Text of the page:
So if you want to refer to a Bloody Mary as Bloody Mary, if it contains the minimum ingredients of vodka and tomato juice, most of the credit would be with Jessel, he claimed. However, Petiot’s Drink is closer to the general Bloody Mary recipe we know and love today – it was just under a different name.

In both cases it did not seem to be a revolutionary new drink. Both of Bloody Mary’s recipes were more like a development of other very similar drinks made at the time, with the main contribution here being in determining the ratios for each individual. They like vodka and add it to the mixes to make more popular.

As for the name, Petiot’s memory of a 1972 customer, after whom he is named “Bloody Mary” after a waitress in Chicago’s Bucket of Blood, and Jessel’s reminiscence of the year 1975, are the daughter of the department store, Mary Brown Warburton -Magnans John, to name Wanamaker

Petiot’s claim has no hard evidence to corroborate, and some, so there is no documented evidence that he ever called it Bloody Mary in any facility he worked in, and that the 20s recipe book from the bar, in which he claims to have invented it did not mention the drink, that would be a strike against his memory. On the other hand, in the earliest known cases in which the drink is called Bloody Mary, Jessel credits the drink, but technically not explicitly for the name, although in some cases this is the case seems implied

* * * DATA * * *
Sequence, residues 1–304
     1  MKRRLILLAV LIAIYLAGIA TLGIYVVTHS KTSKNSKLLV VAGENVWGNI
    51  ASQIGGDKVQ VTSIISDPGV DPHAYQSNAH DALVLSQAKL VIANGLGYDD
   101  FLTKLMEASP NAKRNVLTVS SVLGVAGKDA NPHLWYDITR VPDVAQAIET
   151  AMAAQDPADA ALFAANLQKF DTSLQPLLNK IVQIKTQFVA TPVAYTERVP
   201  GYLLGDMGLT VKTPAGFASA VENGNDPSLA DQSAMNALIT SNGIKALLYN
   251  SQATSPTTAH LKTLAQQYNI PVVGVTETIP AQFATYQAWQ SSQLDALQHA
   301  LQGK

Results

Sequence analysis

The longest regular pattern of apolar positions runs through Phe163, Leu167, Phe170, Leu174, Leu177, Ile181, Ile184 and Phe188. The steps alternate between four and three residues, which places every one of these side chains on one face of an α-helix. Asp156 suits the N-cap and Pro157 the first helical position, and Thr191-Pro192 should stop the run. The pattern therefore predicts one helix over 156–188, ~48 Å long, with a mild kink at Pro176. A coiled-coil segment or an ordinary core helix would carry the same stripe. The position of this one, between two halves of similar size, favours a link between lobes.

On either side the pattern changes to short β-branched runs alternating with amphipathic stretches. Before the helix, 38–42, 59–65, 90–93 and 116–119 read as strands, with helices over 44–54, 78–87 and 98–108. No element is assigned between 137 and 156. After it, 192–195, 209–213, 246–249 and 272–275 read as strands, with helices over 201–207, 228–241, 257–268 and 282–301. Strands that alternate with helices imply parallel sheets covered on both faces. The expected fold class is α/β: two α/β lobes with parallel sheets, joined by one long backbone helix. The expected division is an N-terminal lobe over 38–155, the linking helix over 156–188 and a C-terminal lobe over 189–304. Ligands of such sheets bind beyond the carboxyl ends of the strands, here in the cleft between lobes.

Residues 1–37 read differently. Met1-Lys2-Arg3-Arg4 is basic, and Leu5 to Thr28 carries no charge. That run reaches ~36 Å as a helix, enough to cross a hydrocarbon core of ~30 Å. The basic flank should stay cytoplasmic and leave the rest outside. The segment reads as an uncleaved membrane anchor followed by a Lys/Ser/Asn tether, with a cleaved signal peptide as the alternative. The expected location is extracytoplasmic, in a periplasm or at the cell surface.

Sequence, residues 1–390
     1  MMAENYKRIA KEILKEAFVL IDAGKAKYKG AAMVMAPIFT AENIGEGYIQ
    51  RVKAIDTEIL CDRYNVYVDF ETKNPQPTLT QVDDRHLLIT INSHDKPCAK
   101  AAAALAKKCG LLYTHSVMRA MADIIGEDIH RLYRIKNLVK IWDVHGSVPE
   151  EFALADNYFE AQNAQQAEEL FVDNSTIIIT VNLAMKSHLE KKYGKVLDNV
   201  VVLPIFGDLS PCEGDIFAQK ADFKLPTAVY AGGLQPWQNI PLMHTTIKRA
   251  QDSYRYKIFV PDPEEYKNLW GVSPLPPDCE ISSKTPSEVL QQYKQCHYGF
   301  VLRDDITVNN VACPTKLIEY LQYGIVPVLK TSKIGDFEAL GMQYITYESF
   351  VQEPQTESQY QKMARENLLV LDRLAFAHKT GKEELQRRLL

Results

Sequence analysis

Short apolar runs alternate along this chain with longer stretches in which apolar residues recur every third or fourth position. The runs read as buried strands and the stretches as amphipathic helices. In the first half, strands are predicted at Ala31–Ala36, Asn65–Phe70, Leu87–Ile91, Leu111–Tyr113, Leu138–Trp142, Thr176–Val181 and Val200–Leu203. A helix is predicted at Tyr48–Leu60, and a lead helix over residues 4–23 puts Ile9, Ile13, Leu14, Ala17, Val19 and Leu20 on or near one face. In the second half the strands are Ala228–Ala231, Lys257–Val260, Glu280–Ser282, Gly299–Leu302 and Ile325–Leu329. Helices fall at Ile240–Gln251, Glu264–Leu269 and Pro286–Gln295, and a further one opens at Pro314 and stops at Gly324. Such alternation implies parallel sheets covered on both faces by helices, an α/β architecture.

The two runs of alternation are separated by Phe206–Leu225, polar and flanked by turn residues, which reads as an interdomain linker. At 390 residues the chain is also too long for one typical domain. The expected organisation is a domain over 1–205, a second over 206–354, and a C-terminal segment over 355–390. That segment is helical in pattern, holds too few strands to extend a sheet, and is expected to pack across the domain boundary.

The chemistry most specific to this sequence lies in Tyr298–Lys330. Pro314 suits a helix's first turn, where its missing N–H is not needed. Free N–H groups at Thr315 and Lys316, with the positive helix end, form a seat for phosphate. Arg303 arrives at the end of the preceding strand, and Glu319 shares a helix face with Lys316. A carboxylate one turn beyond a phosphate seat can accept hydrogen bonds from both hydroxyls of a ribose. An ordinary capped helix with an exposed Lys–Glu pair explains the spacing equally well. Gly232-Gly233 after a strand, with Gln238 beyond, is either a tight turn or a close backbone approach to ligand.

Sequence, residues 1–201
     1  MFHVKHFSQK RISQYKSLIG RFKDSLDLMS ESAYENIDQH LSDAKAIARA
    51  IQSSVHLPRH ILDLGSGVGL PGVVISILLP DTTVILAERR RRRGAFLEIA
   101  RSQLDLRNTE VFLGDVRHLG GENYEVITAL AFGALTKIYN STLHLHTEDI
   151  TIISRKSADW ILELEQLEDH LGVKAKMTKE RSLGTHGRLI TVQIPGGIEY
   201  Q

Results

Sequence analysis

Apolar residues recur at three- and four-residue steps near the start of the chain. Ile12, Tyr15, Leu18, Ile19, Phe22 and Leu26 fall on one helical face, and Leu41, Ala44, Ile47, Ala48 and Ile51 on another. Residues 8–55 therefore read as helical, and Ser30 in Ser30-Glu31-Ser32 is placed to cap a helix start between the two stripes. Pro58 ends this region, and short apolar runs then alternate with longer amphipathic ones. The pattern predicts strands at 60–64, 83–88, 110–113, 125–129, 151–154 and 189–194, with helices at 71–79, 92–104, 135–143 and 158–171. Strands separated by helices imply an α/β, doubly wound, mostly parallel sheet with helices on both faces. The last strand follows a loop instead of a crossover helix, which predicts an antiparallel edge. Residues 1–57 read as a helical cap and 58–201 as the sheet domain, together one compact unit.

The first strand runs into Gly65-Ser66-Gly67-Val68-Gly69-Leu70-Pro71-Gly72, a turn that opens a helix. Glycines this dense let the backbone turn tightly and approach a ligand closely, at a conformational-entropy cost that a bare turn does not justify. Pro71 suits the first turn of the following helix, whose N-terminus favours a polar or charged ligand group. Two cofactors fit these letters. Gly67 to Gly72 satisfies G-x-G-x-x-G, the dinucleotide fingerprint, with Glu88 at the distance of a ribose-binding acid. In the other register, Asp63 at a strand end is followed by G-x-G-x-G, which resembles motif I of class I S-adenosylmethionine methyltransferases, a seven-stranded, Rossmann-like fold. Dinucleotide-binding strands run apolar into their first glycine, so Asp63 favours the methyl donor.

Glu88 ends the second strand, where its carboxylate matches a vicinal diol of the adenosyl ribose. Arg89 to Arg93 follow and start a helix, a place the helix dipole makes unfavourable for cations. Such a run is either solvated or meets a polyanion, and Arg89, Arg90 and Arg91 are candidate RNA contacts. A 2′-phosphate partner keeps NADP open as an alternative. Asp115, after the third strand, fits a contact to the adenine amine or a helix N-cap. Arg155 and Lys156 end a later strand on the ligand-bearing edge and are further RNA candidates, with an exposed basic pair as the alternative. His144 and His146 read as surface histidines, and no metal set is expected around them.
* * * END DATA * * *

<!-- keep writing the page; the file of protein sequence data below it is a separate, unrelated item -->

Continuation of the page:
So we are in the very tentative position of relying on the memories of the 1970s, as they found the name “Bloody Mary” in the 1920s, as our best, if very unsatisfactory, proof of the origin of the name Considering the reservations about the extreme fallibility of human memory even after short periods of time or even decades, Jessel technically has the stronger claim that if he has at least some contemporary evidence on his side regarding the first documented cases of the name of drink is used. The slight edge goes to the drink, which was named after the heir Mary Warburton.

Whatever the case, no contemporary evidence suggests that 16th century Queen Mary was the inspiration for the name – a guess that came decades later. A similar popular false claim asserted by other, otherwise extremely reputable sources (nobody beats a thousand) is that the name was inspired by a character in the 1958 film South Pacific, This idea seems to have surfaced, as in the mid- and late-1950s, thanks to the Smirnoff ads of the 1950s, the popularity of the drink really exploded with Jessel. But the name of the drink, of course, precedes this film and the advertising campaign by a long way.